University of Pennsylvania plans centers in Philadelphia and China

Posted: February 26, 2013

Universities nationally are grappling with ways to establish a global presence: Some are building campuses abroad. Some are opening centers for alumni interaction and faculty research. Others are fostering study-abroad programs and international enrollment. And some are trying a combination.

Over the last 17 months, Ezekiel Emanuel, the University of Pennsylvania's first vice provost for global initiatives, has been studying the landscape and plotting a coordinated, cohesive course for the Ivy League campus.

At a board of trustees meeting this week, Penn will announce a series of substantial financial gifts to launch its new vision, developed by Emanuel, an oncologist and bioethicist used to working in the global arena who was one of the principal architects of President Obama's health-care reform act.

The university plans to build a "world house" on campus in which to concentrate global activities. It will include a "global solutions program," in which world leaders and faculty experts will take on a new problem every year - such as access to clean water - and develop solutions. That house, location to be determined, will open in 2015.

The plan also calls for a center in China to be used for training, faculty research, interviews of prospective students, and other collaborations.

And Penn will bring on two global educators, one a professor and another to head the world house. Though the university has many experts in particular geographical areas, it needs more faculty with global expertise, Emanuel said.

"It's a pretty serious commitment out of the block," said Emanuel, who has traveled to Africa, India, and Singapore to meet with alumni, government officials, and others.

But one thing Penn does not plan to do is build a branch campus abroad.

"That's a crazy idea," Emanuel said during an interview in his office last week. "We're in the education business. We're not in the real estate business."

He noted the rise in free massive open online courses (MOOCs), which increasingly will allow universities to transport classes to every corner of the world. He has taught a MOOC course, "Health Policy and the Affordable Care Act," to which thousands have tuned in, and he plans to add a course on "Rationing and Allocating Scarce Medical Resources."

Peggy Blumenthal of the Institute of International Education said each university had to find an approach that works best for its program.

"A lot of schools are exploring how to have a presence overseas that compliments the work of bringing international students to the home campus," she said. "It really depends on the mission of the school, its resources, and its appetite for long-term investment as opposed to short-term financial gain."

Caution in developing a branch campus is prudent, she said. In the 1990s, dozens of schools rushed to build campuses in Japan, and now only a few remain, including Temple University's. Lack of clarity on responsibilities and requirements and questions about whether the Japanese government would recognize the degrees doomed some of the programs, she said.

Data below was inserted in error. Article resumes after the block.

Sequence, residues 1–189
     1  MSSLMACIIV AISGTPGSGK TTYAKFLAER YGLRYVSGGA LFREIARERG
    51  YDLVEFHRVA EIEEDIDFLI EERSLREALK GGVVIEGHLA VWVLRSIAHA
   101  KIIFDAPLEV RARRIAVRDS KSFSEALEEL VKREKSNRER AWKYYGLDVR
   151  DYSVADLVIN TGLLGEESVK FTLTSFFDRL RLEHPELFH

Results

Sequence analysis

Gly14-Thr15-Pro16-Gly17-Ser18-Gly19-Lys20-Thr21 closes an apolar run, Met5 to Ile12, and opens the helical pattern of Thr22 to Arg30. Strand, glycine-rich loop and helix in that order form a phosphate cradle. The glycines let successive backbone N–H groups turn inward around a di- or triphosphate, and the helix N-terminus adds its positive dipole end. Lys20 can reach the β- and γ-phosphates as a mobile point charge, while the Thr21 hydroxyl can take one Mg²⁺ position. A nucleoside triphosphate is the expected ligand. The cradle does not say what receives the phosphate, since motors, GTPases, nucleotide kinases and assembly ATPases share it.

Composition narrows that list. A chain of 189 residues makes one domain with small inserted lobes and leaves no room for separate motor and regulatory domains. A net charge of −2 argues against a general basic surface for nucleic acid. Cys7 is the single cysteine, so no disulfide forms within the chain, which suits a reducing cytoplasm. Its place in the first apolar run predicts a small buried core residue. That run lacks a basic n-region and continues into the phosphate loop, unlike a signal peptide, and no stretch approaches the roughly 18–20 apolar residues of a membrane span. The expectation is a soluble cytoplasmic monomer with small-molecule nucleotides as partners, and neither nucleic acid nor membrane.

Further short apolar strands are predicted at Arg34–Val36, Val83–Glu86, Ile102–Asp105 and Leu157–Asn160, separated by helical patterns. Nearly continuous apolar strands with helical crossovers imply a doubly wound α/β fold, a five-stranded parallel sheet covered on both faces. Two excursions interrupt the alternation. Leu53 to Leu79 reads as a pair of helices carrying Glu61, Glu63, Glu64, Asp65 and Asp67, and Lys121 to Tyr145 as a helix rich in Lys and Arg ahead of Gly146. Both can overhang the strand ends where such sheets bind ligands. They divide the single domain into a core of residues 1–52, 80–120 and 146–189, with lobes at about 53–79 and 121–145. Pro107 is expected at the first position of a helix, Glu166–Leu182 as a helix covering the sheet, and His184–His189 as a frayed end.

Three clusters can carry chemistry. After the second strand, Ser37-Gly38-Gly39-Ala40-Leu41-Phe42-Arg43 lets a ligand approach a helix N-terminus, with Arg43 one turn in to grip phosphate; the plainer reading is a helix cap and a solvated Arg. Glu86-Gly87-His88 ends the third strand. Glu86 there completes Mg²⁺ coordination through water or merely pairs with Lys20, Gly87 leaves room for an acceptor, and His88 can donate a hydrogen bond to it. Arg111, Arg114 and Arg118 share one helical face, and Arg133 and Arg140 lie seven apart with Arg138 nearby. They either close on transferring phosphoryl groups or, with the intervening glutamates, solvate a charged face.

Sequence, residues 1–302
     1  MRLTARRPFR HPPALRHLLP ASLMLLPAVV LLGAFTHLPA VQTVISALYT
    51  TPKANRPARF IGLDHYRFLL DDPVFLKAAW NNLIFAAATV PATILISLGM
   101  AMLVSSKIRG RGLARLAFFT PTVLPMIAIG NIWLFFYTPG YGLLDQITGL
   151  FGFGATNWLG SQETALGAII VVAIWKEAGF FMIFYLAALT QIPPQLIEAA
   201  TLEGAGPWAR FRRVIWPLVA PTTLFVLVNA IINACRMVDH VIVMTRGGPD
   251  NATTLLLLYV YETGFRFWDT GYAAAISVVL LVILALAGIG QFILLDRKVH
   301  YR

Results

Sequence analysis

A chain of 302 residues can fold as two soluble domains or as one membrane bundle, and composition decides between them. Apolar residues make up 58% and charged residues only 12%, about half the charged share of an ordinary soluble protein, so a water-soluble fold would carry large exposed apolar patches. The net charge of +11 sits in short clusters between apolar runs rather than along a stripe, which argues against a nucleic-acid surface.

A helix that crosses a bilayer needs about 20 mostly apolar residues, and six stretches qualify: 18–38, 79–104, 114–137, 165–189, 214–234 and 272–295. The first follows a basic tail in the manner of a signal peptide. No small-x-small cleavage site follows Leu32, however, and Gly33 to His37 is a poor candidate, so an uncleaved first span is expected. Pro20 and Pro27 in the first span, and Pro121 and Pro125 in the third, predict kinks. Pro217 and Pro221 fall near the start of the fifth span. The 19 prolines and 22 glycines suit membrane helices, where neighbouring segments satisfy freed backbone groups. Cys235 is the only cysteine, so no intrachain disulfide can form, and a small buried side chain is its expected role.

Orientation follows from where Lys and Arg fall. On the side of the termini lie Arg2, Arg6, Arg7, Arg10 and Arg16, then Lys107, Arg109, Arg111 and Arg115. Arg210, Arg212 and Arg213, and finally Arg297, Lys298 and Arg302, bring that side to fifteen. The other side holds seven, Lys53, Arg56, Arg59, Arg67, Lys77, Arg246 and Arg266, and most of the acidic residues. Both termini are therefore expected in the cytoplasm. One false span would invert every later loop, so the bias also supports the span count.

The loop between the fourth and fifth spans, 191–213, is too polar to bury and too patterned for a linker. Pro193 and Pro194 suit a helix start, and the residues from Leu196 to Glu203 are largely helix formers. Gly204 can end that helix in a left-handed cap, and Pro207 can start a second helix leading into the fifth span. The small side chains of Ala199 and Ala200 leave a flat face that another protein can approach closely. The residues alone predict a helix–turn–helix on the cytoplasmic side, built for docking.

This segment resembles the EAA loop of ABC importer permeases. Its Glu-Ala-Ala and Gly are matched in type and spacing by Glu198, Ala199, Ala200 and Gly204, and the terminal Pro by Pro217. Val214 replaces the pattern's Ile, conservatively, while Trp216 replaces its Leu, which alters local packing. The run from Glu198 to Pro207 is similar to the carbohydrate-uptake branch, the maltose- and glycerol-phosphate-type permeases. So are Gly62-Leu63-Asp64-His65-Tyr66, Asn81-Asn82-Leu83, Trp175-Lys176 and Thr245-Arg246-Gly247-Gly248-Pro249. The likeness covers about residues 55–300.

Emanuel said Penn would send more students abroad - it wants to expand short-term summer experiences - and continue to enroll international students from a wide array of countries and economic backgrounds.

Nearly a third of Penn's students study abroad, according to the international education institute. Last year, the university enrolled 5,296 international students. About 13 percent of Penn undergraduates are international, as are more than a quarter of its graduate students.

The university also will seek to become "more of an agenda-setter internationally," Emanuel said. And it will look for ways to help "make the world a better place," similar to its flagship program in Botswana, where it is involved in multiple partnerships and helped launch a medical school.

In addition, Penn will build stronger ties with its 25,000 alumni in other countries, asking them to smooth the way for visiting students and to meet with visiting faculty. Emanuel said he was shocked to learn that the international network - roughly 8 percent of Penn's living alumni base - was so vast.

He said he was pleased that a survey he commissioned last year showed 33 percent of Penn faculty who responded already were engaged globally. Nearly 2,500 of 3,800 faculty members responded.

Twenty percent are involved in sustained research or service projects, on issues such as the Japanese government's gender policies and infectious-disease training in Peru.

Twelve percent serve on boards, such as the China Medical Board, the Madrid Institute for Advanced Study in the Social Sciences, and the Tanzanian Children's Fund. Nine percent received awards or fellowships, and nine percent are teaching.

China was selected for the new center because Penn already has a substantial number of faculty members working there and a strong alumni network, Emanuel said. Penn, for example, is involved in building up the practice of social work in China.

The university has what Emanuel described as a nascent center in China, but under the new plan, that will be built up with involvement from multiple schools, such as Wharton, the law school, and the medical school, he said.

Penn also plans centers in India and Africa, he said.

Contact Susan Snyder at 215-854-4693,, or follow on Twitter @ssnyderinq. Read her blog, "Campus Inq" at

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